However, despite these ongoing differences, Khan’s team retain hope that a Starmer Government could prove pivotal for London.

Over the past eight years Khan has been a regular target of successive Conservative Governments, who have tightly held the purse strings on new London infrastructure projects. Khan's recent treatment by former Conservative Chairman Lee Anderson, who was accused of making a series of Islamophobic comments about the London mayor, was seen as emblematic of this.

City Hall hope that a relations with central government would be transformed if Starmer enters Downing Street.

In particular Khan's campaign pledge to build tens of thousands of new council homes is seen as lining up with the party's own national proposals to increase housebuilding.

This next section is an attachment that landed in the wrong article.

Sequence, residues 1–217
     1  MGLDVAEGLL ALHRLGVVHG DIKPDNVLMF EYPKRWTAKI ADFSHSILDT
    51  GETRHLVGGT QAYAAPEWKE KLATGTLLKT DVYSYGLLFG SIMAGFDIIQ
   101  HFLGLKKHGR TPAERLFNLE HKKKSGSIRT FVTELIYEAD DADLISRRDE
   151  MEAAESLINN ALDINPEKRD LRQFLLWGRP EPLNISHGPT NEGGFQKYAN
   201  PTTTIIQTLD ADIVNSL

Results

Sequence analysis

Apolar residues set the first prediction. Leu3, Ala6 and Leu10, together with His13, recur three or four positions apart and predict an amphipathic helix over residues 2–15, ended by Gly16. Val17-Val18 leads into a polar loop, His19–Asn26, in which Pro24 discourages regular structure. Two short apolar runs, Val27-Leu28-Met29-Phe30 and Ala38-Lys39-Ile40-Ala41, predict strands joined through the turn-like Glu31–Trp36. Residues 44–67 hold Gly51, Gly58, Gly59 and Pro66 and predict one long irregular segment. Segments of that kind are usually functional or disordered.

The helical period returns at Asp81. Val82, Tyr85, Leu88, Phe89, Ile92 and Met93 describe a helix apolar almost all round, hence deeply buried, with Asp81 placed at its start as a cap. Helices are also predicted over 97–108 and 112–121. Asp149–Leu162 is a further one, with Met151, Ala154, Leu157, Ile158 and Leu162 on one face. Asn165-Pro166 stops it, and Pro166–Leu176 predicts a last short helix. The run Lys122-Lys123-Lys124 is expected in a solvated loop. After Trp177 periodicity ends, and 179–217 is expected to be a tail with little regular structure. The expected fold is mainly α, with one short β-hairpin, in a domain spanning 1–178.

Yet as well as being potentially more amenable to investing in London, Khan is also pinning his hopes on an incoming Labour Prime Minister handing over big new powers to the Mayor.

“I'm really optimistic about the next Labour government devolving more powers and resources to the cities and regions,” Khan told this paper.

“The key things we’re talking about are in relation to planning, skills and the economy.”

Khan pointed to proposals by the London Finance Commission to give the Mayor new powers to raise infrastructure funding as the sort of proposals he would be lobbying Starmer to adopt in office.

“We've done the heavy lifting on this so we're hoping in the first 100 days that you'll see the fruits of [those proposals].”

A spokesman for Starmer told this paper that the Labour leader accepted “the need for more powers for regional mayors” on areas including skills and welfare.